“The data gathered during the pilot collection system trials will allow us to understand any potential impacts on marine mammals and if required, how we can optimise our system to mitigate this impacts,” Barron says. He adds the company is working to ensure its operations “remain within environmental thresholds.”

TMC’s EIS would be made public if the company eventually makes an application to begin mining, the company said.

Thompson of the University of Exeter says it’s important for there to be scientific, peer-reviewed assessments of mining-related noise and its impact on cetaceans — but that such an assessment has yet to be published.

“We know noise pollution in the ocean is already a problem for cetaceans and introducing another industry that is expected to operate 24/7 would inevitably add to existing anthropogenic noise were deep seabed mining to go ahead,” Thompson said in a statement. “Despite this lack of information, it appears industrial-scale mining could soon begin in one of the planet’s few remaining undisturbed environments.”

Noise isn’t the only thing that could negatively affect cetaceans, according to the paper. Cetaceans might also be impacted by sediment plumes produced by mining vehicles on the seabed, as well as sediment discharge that could “increase turbidity in the water column and could mobilise contaminants.” The authors also raise concerns about future deep-sea mining operations that may target seamounts, which are rich in metals needed for renewable energy technology.

“Seamounts are now known as important offshore habitats for some cetacean populations that forage or regroup around them but we still lack basic knowledge of these fragile ecosystems,” Solène Derville, a co-author of the paper and marine mammal scientist at Oregon State University, said in a statement. “In this context, it is very hard to assess the magnitude of the impacts of seamount seabed mining on the animals that live and feed around these structures.”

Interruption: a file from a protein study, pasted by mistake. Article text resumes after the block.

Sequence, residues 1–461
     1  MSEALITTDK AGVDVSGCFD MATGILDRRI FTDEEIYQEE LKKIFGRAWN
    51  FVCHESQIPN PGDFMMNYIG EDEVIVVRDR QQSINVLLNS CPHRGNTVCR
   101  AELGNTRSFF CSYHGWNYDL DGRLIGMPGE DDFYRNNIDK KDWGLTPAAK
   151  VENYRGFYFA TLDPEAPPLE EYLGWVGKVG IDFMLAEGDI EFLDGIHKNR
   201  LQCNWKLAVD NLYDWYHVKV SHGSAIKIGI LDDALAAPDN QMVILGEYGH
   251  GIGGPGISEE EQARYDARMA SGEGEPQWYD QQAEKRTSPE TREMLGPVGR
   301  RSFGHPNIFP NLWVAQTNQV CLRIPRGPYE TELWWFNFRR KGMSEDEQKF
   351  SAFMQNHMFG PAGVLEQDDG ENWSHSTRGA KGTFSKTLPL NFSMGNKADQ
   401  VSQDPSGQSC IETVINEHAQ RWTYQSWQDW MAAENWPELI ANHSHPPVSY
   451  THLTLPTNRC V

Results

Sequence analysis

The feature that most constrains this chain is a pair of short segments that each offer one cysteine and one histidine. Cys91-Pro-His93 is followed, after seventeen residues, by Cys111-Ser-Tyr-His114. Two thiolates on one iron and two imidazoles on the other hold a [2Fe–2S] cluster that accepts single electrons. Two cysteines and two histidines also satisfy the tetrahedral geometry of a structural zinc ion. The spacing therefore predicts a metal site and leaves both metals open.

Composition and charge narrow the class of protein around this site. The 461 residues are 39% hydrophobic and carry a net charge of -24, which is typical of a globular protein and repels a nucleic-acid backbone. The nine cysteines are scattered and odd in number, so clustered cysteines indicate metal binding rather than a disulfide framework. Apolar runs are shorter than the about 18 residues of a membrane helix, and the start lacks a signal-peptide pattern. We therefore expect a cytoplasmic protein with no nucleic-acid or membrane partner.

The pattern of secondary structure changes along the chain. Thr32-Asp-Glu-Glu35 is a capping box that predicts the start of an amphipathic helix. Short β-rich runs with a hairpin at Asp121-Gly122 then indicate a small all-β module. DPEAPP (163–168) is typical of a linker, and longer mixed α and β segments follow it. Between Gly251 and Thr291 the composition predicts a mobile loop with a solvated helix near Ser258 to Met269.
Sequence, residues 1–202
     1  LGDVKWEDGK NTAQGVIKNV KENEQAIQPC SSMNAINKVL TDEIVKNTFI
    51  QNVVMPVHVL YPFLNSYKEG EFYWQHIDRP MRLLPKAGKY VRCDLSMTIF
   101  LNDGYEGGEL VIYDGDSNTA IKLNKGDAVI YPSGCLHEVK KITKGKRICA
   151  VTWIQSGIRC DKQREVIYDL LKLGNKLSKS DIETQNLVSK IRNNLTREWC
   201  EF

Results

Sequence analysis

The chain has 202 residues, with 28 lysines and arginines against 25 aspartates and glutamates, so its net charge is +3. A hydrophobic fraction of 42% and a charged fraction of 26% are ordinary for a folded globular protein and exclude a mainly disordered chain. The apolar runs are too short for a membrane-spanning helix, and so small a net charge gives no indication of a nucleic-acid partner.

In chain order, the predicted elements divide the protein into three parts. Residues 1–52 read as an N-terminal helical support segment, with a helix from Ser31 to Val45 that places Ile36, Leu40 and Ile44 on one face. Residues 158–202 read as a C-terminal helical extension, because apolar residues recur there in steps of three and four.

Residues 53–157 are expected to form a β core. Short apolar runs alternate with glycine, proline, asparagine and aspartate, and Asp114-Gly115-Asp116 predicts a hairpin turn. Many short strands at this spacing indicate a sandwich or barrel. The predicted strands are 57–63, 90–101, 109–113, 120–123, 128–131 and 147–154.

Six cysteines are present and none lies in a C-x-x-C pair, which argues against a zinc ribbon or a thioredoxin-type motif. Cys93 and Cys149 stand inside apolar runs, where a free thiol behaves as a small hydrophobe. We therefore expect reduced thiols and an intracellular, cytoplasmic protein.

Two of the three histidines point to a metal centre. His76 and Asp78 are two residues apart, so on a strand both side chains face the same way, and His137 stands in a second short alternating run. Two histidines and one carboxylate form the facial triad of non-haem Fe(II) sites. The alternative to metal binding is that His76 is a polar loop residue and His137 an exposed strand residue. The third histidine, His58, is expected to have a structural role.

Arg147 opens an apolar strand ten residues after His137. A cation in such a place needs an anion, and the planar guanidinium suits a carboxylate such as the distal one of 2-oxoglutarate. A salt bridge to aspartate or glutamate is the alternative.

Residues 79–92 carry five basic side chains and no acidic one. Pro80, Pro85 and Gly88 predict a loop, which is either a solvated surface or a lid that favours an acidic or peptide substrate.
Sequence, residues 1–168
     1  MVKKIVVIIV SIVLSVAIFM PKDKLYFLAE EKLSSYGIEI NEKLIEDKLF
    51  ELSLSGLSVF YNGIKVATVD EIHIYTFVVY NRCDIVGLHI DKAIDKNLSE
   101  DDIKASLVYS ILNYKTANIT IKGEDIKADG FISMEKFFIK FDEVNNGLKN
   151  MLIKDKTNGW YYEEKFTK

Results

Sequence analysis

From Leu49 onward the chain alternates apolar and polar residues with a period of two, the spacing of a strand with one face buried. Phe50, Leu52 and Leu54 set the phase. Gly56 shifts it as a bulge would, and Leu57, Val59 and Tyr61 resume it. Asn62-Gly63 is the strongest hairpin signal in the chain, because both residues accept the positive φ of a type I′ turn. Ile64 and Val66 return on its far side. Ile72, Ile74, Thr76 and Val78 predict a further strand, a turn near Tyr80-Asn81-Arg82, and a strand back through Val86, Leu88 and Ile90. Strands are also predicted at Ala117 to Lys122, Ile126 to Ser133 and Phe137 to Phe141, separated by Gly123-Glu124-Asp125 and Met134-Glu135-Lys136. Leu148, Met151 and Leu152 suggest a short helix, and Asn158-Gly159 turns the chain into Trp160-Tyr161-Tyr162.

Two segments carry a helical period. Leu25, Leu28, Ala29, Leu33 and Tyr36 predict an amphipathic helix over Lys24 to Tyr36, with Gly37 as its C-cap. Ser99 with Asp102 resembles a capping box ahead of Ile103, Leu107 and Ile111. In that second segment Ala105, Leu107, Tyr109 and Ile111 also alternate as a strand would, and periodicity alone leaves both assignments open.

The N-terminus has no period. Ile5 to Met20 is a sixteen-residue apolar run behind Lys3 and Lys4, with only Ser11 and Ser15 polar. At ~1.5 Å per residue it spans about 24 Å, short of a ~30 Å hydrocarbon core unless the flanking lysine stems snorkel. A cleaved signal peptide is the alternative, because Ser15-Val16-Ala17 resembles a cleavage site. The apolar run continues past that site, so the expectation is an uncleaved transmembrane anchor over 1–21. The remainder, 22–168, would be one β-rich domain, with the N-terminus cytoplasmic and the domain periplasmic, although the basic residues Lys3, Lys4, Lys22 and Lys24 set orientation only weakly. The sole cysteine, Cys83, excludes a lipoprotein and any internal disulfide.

The authors add that more research is needed to understand the possible impacts of mining plumes and seamount degradation on cetaceans.

Assessments ‘urgently required’

Naomi Rose, a marine mammal scientist for the Animal Welfare Institute, who was not involved in this study, says it would be “absolutely foolish” for deep-sea mining to go ahead.

“The impact on cetaceans could also be profound, because the species that routinely dive this deep (which include beaked whales) have already shown themselves to be highly susceptible to acoustic disturbance when at depth,” Rose tells Mongabay in an email. “But really — the impact on cetaceans is the deep sea’s least worry. The entire assemblage of species that make up benthic [seabed] ecosystems will be damaged and destroyed by deep-sea mining.”

Rose says that at the very least, “major environmental assessments should be made” before mining is permitted. “This is generally true, of course, for any human activity in pristine habitat, but in this case, it is urgently required,” she adds.

Thompson says such assessments, which would require thorough surveys of cetaceans in mining areas, would be “logistically challenging and therefore expensive,” but feasible.

“We can use acoustics, molecular methods, visual surveys and potentially remote sensing to identify which species are present in the deep ocean areas targeted for mining,” she says. “These surveys will take time, but we need this detailed information before any commercial mining goes ahead.”

Without sufficient knowledge of how deep-sea mining could impact cetaceans, mining shouldn’t go forward, Thompson says.

“Once mining has started,” she says, “it will be difficult to stop.”

This story was published with permission from Mongabay.com.